DW: How do you see, now...what kind of feedback are you getting from folks from the Tea Party?  Do you find that theres...You kind of mentioned that you thought there was, like, you know, common ground here where you could both find, hey look, I disagree with you on this but I agree with you on that, y'know, where's the common ground between these two different groups?

CA/SP:  Well...it's hard to say.  It's on so many issues.  And that's all we're going to do at this Coffee Party at Uncommon Grounds at 2 pm tomorrow.  And there's one at Starbucks at noon on North Pearl Street, I believe.  Um, we're just going to talk with people of all different stripes, whoever shows up, over coffee, nice and civil.  But we're finding common ground on, like, basically the gridlock in Washington.  Y'know, these people are our representatives.  And we are their employers.  The thing is...we have to take responsibility for that ourselves, Don.  We can't just sit back and say, y'know, why isn't Washington doing anything?  It's kind of reflection of, y'know...you ever been in a coffee house and you see one guy who's really off the right and another guy who's really off the the left...

DW:  Yup! [Laughs]

CA/SP:  ...and they're just yelling and hooting and hollering at each other...

DW:  [Laughs]  Yeah... [Laughs]

CA/SP:  ...nobody leaves getting anything done.  But the more I talk with the Tea Party folks that I met in nice calm conversation, instead of, you know.  A lot of these Tea Parties have speakers that talk at you...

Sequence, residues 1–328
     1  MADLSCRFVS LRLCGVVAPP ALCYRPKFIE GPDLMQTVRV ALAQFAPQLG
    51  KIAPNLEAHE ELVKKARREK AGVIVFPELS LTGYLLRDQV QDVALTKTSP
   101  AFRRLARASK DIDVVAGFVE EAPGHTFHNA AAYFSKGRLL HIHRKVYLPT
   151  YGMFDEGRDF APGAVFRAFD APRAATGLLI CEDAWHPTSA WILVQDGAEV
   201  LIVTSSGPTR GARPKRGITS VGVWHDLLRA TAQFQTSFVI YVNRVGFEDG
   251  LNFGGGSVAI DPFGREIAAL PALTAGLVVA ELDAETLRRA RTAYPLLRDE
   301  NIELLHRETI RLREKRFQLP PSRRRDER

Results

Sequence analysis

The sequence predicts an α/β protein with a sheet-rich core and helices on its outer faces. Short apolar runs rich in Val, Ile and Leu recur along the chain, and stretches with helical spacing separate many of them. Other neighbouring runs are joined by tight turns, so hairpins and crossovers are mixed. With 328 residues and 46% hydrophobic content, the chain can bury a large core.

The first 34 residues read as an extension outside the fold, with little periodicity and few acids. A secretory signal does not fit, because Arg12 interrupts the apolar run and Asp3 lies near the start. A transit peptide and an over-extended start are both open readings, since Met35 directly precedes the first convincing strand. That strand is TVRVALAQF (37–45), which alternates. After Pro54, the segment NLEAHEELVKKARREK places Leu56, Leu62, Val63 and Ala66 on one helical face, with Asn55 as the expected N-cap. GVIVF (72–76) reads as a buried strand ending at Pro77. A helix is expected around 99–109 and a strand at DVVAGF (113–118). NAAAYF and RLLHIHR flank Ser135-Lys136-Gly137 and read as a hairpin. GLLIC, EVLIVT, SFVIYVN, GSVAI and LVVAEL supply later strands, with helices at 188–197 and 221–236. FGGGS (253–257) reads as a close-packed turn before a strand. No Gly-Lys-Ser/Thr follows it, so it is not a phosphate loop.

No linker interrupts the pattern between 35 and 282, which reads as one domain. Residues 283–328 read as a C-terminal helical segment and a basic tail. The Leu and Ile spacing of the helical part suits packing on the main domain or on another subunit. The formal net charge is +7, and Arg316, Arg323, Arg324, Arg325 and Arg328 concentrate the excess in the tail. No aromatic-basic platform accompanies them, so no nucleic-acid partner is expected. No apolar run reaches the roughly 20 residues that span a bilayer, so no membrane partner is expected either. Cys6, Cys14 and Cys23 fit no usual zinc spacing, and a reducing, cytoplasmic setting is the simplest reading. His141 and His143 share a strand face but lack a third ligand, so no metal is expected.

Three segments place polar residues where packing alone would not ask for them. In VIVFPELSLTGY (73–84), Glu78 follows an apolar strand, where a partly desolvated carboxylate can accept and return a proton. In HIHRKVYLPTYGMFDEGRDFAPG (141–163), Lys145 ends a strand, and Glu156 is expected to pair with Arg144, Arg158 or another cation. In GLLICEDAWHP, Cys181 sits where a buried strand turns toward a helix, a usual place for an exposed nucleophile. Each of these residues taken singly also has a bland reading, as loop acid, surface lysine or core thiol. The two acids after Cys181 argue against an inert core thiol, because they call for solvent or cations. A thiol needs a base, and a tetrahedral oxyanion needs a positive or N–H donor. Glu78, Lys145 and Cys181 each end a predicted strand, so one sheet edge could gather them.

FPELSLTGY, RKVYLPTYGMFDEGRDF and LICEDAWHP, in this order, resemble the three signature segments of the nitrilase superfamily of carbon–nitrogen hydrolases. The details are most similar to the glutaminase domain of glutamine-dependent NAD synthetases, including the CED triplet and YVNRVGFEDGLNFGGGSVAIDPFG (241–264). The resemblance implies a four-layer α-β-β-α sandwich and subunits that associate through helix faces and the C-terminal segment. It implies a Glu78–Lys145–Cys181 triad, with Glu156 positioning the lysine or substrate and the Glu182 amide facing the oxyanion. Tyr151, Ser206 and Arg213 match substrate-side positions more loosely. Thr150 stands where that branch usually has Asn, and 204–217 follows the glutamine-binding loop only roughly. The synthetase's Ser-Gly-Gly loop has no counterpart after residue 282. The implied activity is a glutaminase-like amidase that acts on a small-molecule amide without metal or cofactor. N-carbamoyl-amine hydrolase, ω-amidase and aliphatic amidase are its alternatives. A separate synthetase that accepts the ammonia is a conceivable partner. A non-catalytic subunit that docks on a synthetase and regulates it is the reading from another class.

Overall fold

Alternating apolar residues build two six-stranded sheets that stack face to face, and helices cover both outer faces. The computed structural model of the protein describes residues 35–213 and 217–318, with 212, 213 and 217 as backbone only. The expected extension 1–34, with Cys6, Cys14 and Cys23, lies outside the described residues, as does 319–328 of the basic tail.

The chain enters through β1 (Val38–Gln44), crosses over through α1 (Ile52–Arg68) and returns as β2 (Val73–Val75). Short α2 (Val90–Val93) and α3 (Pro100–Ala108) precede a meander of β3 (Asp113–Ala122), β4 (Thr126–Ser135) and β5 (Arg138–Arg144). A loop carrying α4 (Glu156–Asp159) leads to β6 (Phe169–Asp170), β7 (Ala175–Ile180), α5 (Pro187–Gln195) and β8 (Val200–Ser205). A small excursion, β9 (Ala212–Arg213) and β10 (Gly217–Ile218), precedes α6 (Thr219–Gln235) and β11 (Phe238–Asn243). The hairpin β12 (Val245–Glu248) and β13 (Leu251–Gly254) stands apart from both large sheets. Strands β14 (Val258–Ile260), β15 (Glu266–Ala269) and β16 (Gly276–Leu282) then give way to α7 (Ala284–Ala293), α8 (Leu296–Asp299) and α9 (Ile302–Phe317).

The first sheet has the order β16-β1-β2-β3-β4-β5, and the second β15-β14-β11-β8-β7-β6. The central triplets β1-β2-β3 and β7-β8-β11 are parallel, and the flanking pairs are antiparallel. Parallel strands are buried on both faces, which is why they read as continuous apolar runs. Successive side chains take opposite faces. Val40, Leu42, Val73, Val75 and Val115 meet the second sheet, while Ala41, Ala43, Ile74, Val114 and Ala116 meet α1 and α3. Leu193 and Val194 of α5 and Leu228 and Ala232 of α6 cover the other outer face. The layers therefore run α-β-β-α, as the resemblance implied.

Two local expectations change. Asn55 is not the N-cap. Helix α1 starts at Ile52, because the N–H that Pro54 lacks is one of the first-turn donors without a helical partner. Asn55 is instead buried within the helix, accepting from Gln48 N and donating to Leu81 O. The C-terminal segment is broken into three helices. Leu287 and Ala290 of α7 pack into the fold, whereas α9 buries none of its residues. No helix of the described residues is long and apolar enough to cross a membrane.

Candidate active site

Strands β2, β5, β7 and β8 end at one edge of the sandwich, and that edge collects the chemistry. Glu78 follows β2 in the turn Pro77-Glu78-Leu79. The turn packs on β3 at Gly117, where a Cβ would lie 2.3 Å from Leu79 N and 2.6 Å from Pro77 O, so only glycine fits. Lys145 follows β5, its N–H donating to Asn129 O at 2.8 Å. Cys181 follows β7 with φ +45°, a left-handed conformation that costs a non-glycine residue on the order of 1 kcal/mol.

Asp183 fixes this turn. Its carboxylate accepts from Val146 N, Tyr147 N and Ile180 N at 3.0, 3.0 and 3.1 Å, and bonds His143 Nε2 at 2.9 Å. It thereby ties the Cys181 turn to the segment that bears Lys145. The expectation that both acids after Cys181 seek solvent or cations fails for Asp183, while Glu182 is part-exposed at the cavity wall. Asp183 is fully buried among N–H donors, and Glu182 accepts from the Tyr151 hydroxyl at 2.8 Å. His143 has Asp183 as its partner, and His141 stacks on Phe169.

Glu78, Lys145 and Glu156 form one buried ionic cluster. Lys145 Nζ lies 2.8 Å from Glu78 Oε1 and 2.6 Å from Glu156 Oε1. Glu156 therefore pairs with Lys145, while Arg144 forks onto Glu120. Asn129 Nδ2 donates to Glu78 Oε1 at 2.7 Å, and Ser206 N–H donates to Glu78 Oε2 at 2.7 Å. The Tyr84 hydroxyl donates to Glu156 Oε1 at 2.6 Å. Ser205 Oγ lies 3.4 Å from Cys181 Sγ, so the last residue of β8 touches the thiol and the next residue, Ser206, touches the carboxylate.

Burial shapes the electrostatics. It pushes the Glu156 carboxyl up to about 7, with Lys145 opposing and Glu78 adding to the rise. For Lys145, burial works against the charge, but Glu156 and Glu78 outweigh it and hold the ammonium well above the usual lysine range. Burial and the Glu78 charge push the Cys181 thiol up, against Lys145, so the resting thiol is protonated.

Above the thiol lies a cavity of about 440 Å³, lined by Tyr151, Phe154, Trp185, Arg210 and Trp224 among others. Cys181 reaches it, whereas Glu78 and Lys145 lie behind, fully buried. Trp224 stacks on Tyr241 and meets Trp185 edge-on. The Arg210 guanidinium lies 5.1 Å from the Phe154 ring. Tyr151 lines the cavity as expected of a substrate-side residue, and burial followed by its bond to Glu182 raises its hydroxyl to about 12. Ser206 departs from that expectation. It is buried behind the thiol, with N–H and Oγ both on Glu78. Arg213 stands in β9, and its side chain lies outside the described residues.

DW:  Yeah.

CA/SP:  ...instead of speaking with you. Y'know, if the Constitutional Convention was just George Washington presiding and talking at all those other guys, nothing would have gotten done.

DW:  Wouldn't have got very far.

CA/SP:  It was all based on compromise.  And these guys, back in 1787, they had a lot of very, very different opinions.  Read the Federalist Papers and the Anti-Federalist Papers and you'll see this.  But, they set some ground rules for civil discourse and they said, okay, I'm gonna give this up if you give that up.  And I think if we start doing that as citizens - and also if we start voting as citizens because this is off-year election and...

DW:  Might get...

CA/SP:  ...turnout's really really low...

DW:  ...might get something done.  Might get somewhere.

CA/SP:  I think that will finally be represented for us in Congress.  And so we're going to organize...

DW:  Colin, Colin, I gotta jump in here cuz we're running out of time. Where's the Coffee Party USA here locally?

CA/SP:  Uh, here locally I've started the Albany County chapter and we will meet at 2 pm tomorrow at Uncommon Grounds on Western Avenue in Albany.

DW:  I wish you well in finding, uh, common grounds.

CA/SP:  [Laughs]

DW:  Thanks so much for being with us this morning!

CA/SP:  Thank you very much Don.  Good luck to you.

DW:  Thank you, Colin Abele.  6:56, Don Weeks, WGY Morning News.


I have to thank Don Weeks and the producer, Justin Fiet, at WGY once again for this incredible experience.  I've called in to local talk radio shows before (btw, they just fired my favorite local DJ, Al Roney and replaced him with Glenn Beck...guess which one I liked better and accepted my calls regardless of my opposing views?) but this was the first time the radio station actually called me, a lowly 26-year old unemployed paralegal and political blogger.

I think that just goes to show how big the Coffee Party Movment is going to prove itself to be tomorrow afternoon.  See you there!

1 comment:

Soundpolitic said...

I've cross-posted this blog to the front-page of The Albany Project and to the diaries section of DailyKos so even more folks can listen and/or read.

Peace...I'm getting kicked off the Guilderland library computers!